How to Build a Better Home – HVAC and Duct Work



hello i'm helen Reineke wilt of Arlington County's initiative to rethink energy and green home choice program you're about to watch one of a series of videos we call how to build a better home the story of the construction of a passive house we hope you'll find some useful tips about making your home greener and more cost efficient whether you're building a new home or simply upgrading your present one here's green home builder patty shields of Metro green with today's tips on HVAC and ductwork it's about lowering your energy bills consume less energy in water we take up a look less carbon footprint more comfortable and super quiet you will reap the rewards for the life of the home I think it'd be great if people see homes like this and think about green design when they're building a home one of the critical issues we've talked about throughout this project is air tightness old houses were pretty leaky new houses today are quite airtight that means there's no cold air coming in in the wintertime and there isn't a lot of hot air coming in in the summertime part of that process is making sure the house is properly taped and sealed in this case it also includes a triple glazed windows that we've talked about before and finally for this house we have a very very advanced energy recovery ventilation system or ERV that brings fresh air from the outside exchanges it with the stale air from the inside without losing the heat or cool of the air that's already inside the house you'll see a vent down here and that is an outlet vent there is an inlet vent on the other side of the house you don't want them too close together and we'll go downstairs and show you the completed ERV as well the erv are the lungs of the house what we want to do is get rid of bad air in the house and make sure we're bringing in good air but when we bring in good air we don't want it to be the same temperature as it is outside if it's 20 degrees outside we don't want to bring in 20 degrees of air into the house and it will because it will overload our heating system in the summer we don't want to bring in 100-degree air into the house because it will overload our air conditioning system so what an ERV does is it traps the energy of the heat or cool in the house of the exhaust air and applies it to the incoming air it's actually quite simple what in this case is a pretty large system in this case you will see tubes above me all the tubes on this side of the house are cooling air from rooms bathrooms kitchens mechanical room the room I'm standing in right now the laundry room all the rooms that would have humidity and would also have smells or other fumes that we would want to expel from the house on this side there are tubes going out these tubes supply air to every other room in the house these rooms are the bedrooms the living room the dining room the TV room so 24 hours a day in those rooms you are receiving fresh air from outside but it has been tempered because it has been run through this machine and it receives the heat or cool from the air that is leaving and it filters through and brings that good air in but at a better temperature when we're talking about heating and air-conditioning systems and the ductwork you put in a house it's really really important that those the ductwork is sealed in anyhow it's important especially in a lot of homes where you have ductwork maybe up in the ceiling in an unconditioned attic or in a crawlspace below a house that is really critical it's also critical that it that's insulated in a house like this the entirety of our HVAC our mechanical system our air conditioning system is in the envelope of the house so none of that air is getting out of the house but we also don't want the air to get lost up in the ceiling we want to make sure that air that leaves the the air handler actually makes it to the room with the amount of force that we want it to so that rooms get conditioned the way we want them to so with this in this house what we've done is we've made sure that we put mastic which is this glue type substance like a paste to make sure that all of our ducts are completely sealed all of these ducts have been pressure tested and in this case they have less than 3% leakage which is extraordinarily low in an older home where it's where you have an old air conditioning system with older ducts you can see leakage up to 50 percent so this is a dramatic difference and it really really will improve the way the house lives so we've talked a lot about the actual details of the installation the sealing of it where things are placed and of course erv let's talk a little bit about the overall system this is a fairly large house and so we have a split system meaning there's one system serving the top floor and then one system serving the basement of the first floor it's a standard heat pump system there's no furnace in this house this is a variable refrigerant system which means that it cycles in such a way that it saves energy that in the wintertime I if it only needs 10% of the system to be running only 10% of its running instead of turning it on and you have a two cycle where it's running at 40 or 100 percent this one can run all the way down to 10% so that saves quite a bit of energy for the homeowners thanks for watching this is Patti shields with Metro Green homebuilders join us again next time for another segment on how to build a green home thank you if you would like more information on the green home choice program please visit our website at Arlington energy dot us slash green home choice or call us at 7:03 two two eight four seven nine two for the air and green home choice programs i'm helen Reineke wilt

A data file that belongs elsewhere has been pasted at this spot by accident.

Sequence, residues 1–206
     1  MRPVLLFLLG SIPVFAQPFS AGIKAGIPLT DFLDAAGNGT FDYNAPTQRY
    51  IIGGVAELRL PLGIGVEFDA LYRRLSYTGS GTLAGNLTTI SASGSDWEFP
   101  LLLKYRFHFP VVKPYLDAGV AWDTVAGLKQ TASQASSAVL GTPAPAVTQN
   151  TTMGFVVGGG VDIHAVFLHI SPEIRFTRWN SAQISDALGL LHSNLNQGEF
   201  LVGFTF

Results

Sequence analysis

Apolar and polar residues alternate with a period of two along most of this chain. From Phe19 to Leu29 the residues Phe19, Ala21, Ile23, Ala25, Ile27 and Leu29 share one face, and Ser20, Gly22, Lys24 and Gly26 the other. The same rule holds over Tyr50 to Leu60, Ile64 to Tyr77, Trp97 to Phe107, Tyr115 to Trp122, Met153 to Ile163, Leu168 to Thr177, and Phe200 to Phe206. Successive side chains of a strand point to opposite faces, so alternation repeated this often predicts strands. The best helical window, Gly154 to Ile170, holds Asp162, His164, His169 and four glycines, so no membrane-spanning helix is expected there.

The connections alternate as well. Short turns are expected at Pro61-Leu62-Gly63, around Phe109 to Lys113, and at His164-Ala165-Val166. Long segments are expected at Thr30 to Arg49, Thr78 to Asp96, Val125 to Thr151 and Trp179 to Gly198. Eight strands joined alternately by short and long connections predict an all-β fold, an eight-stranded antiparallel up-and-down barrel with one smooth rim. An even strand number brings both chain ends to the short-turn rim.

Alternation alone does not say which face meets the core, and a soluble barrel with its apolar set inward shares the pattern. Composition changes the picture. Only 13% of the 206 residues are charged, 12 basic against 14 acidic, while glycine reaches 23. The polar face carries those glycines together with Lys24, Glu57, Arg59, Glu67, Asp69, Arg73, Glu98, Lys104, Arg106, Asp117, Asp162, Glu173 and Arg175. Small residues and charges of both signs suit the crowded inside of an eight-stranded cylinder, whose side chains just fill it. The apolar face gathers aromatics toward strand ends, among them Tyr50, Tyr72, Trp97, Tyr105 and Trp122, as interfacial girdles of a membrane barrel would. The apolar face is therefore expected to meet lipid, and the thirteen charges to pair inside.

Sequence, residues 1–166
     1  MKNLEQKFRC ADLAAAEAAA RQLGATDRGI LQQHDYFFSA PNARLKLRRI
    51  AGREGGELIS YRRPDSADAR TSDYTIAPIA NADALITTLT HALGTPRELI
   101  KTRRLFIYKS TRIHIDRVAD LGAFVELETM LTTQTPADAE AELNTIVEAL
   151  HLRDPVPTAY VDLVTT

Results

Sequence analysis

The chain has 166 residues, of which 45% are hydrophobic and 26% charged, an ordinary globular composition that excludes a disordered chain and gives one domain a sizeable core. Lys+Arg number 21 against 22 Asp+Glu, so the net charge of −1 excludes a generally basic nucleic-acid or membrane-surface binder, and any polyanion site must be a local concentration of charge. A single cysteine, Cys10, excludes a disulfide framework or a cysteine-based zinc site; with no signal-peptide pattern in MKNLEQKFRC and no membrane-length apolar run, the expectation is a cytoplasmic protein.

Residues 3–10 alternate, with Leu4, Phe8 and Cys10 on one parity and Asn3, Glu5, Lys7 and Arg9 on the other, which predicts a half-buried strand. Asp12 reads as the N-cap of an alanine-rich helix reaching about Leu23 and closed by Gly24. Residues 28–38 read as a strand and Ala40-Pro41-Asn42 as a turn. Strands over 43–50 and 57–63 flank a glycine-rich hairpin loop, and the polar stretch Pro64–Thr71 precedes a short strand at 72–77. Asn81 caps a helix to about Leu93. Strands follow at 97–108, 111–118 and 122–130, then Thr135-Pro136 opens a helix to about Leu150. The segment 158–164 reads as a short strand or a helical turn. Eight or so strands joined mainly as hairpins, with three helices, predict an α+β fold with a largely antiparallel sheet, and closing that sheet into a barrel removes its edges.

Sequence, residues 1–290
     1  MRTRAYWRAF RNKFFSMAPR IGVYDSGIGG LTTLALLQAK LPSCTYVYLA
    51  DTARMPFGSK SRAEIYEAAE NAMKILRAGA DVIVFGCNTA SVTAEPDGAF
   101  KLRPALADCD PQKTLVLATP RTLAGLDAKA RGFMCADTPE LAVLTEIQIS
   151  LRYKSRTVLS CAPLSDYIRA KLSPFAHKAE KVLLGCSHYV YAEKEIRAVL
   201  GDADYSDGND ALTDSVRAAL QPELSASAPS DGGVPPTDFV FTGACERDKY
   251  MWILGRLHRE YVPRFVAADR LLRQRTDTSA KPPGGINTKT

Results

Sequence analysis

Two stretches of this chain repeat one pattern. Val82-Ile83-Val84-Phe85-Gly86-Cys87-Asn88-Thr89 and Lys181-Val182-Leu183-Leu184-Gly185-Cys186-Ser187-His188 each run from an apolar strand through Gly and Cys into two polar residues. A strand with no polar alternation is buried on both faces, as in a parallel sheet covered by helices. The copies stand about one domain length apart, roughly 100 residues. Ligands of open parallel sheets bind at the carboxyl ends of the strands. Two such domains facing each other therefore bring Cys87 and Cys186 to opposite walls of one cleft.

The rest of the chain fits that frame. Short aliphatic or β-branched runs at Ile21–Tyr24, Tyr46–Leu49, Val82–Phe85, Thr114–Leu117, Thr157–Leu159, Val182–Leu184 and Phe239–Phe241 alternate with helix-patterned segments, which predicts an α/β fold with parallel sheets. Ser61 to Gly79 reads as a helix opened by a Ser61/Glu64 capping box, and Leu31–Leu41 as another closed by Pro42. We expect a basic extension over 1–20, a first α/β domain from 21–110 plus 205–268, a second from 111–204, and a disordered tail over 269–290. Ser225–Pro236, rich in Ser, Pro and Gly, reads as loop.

3 Comments

  • Refuso Againo

    April 15, 2019

    Good advice if not old and general. Stick framing should be gradually phased out in favor of masonry structures and the use of local materials. LEEDS and stick framing bring us suburbia. There are lots of other ways to build a comfortable shelter, without using tapes, caulking, plastic sheets and all the other man made products. Passive Haus design to start.

    Reply
  • 2Awesome

    April 15, 2019

    You want the outside vents to be on the same side of the house. Wind blowing in one will unbalance the system. You still have to put them several feet apart so air streams don't mix on the outside.

    Reply
  • Bogdan Ulman

    April 15, 2019

    What are the non metal supply lines shown in this video ?

    Reply